On a recent visit to the British Columbia island of Bowen Island I noticed a community of civility. As you get off the ferry and walk up the street you are greeted by smiles and “Good Morning.” Not just from the odd person but from many people: shopkeepers, residents, civilians, people just walking down the street. Why is this not happening in our larger communities?
I lived in Toronto and in Los Angeles and I would walk down the street and people would rather look the other way than look you in the eye and acknowledge your presence. Have you ever been in a department store and had to wait while store clerks talked among themselves? Then they break up the huddle and take off back to their their prospective departments and in the process totally ignore you. You, the customer who has been politely and patently waiting for service. Then you have to ask for service and a reluctant clerk joins you, with attitude.
In most major cities around the world, people have a hard time looking at each other and being together. “What are you looking at?” “You’re staring at me.” “Glaring.” Glancing away as soon as eye contact is made. It happens on the street, in elevators, on the bus or on the subway. And now there’s an even more private way to not engage. The Ipod. Everywhere you see the thin white cords of earbuds connecting people with anything but each other. Perhaps they are listening to an audiobook or the latest tune from U2 or Cold Play. That’s great, but how about the art of conversation?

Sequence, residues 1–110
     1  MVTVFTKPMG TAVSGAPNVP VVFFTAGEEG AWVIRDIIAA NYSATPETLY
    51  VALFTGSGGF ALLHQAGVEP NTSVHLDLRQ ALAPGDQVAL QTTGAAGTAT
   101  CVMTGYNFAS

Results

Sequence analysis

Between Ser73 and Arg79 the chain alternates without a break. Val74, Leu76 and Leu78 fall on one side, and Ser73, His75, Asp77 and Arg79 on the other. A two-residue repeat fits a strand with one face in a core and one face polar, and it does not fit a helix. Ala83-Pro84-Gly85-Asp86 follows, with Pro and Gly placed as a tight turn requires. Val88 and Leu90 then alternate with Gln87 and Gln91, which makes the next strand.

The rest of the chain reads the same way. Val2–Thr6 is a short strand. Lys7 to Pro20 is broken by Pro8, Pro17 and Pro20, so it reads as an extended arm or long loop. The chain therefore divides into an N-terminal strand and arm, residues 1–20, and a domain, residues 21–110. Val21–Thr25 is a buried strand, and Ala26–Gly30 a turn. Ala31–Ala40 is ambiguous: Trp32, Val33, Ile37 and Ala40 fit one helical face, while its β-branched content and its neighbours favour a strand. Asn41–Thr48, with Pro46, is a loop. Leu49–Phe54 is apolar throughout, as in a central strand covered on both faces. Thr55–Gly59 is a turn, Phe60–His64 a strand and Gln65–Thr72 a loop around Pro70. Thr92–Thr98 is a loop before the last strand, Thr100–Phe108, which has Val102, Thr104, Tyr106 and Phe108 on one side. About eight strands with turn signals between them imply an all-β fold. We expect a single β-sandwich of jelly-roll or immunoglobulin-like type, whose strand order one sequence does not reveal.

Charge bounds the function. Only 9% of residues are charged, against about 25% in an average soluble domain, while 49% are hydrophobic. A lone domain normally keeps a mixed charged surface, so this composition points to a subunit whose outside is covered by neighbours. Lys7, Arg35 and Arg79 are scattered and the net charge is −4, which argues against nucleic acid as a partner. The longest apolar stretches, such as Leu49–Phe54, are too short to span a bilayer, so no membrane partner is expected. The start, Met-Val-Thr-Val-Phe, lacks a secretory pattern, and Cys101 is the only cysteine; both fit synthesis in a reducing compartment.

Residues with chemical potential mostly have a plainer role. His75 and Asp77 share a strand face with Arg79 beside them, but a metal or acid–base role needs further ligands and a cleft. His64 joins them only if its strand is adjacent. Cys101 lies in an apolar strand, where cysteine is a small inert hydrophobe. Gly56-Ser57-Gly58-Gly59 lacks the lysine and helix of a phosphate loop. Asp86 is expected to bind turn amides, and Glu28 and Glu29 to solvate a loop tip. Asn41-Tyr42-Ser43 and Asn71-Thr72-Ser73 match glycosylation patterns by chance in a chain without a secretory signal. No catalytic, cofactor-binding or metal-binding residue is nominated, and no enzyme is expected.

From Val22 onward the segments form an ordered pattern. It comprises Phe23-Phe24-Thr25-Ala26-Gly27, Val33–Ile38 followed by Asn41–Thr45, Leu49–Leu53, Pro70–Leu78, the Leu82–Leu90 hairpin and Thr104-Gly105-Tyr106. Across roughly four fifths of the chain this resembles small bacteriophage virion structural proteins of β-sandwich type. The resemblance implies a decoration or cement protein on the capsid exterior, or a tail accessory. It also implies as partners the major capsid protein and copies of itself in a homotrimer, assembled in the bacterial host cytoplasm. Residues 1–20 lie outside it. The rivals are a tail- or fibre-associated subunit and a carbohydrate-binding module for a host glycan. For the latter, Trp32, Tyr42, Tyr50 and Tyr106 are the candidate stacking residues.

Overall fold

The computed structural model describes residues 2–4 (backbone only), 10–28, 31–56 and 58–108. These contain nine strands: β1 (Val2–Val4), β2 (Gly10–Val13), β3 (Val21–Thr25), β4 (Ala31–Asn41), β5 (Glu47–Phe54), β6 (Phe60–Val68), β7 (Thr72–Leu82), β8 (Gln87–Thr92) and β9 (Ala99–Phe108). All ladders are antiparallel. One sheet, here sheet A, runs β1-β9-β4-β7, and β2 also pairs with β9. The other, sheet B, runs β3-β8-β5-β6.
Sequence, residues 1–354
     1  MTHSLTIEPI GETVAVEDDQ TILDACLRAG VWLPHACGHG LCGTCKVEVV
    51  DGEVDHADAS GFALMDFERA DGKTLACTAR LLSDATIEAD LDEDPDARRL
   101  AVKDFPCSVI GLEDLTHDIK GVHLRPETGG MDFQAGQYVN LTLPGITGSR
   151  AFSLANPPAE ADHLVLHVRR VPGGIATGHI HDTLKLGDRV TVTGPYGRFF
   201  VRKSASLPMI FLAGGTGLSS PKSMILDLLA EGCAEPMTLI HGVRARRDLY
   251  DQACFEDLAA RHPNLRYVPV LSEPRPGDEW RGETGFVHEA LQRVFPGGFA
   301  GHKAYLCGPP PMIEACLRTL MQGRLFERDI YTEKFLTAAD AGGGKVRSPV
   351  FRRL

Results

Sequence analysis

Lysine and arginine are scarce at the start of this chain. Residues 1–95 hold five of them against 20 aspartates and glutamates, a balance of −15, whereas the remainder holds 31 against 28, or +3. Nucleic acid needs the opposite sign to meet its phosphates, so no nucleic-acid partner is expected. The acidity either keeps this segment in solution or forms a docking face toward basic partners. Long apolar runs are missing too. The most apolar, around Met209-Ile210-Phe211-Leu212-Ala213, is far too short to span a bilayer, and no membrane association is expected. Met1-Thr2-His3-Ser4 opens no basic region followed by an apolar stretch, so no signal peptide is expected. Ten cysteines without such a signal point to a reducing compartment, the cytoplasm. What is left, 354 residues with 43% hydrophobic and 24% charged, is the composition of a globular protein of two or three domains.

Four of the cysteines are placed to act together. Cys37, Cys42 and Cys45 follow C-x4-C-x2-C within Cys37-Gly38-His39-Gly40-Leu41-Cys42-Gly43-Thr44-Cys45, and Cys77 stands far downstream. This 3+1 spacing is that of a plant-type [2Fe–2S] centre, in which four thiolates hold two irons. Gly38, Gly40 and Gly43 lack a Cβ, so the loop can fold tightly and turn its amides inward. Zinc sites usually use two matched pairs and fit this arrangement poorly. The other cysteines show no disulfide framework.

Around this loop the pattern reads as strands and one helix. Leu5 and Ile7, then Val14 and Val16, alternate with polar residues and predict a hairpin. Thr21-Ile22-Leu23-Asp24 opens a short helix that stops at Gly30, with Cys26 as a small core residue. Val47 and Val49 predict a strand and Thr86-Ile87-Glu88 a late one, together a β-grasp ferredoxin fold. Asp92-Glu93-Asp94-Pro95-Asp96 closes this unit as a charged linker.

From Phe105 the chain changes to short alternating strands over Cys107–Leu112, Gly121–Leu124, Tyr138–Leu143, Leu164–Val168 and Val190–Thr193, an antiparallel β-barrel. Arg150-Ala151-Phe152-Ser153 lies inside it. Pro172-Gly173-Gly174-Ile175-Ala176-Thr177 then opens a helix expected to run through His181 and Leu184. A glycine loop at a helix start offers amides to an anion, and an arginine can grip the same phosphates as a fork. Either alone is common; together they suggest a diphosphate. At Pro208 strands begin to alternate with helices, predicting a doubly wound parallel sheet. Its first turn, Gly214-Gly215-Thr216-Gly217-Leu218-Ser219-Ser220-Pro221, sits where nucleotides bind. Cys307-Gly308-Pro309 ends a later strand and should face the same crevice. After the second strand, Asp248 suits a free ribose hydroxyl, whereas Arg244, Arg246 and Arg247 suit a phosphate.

In the USA many people live in gated communities. They jump in their car in the morning and spend endless hours driving between home and the office, then they park in an underground parking structure. No wonder people can’t relate to one another, or even try. They don’t care to. Some parts of society just enjoy keeping to themselves. One may wonder if they belong to a golf club, a tennis club or a sailing club. Do they go to the theatre, and if they do, do they make an effort to connect with other humans they don’t know? Even cats and dogs have a built in emotion that says hello to strangers. “Meow” or pant pant pant - wag the tail. Smell the “privates”.
Then there are the guns, muggings, robbers, angry people, mentally disturbed people, poor people. We, as a society are afraid of them all and in so being we are afraid to connect with others who might become our best friends.
It is such a breath of fresh air to visit a community like Bowen Island where not every one is perfect, but they do seem to understand that a natural human thing to do is to confer a greeting to a stranger.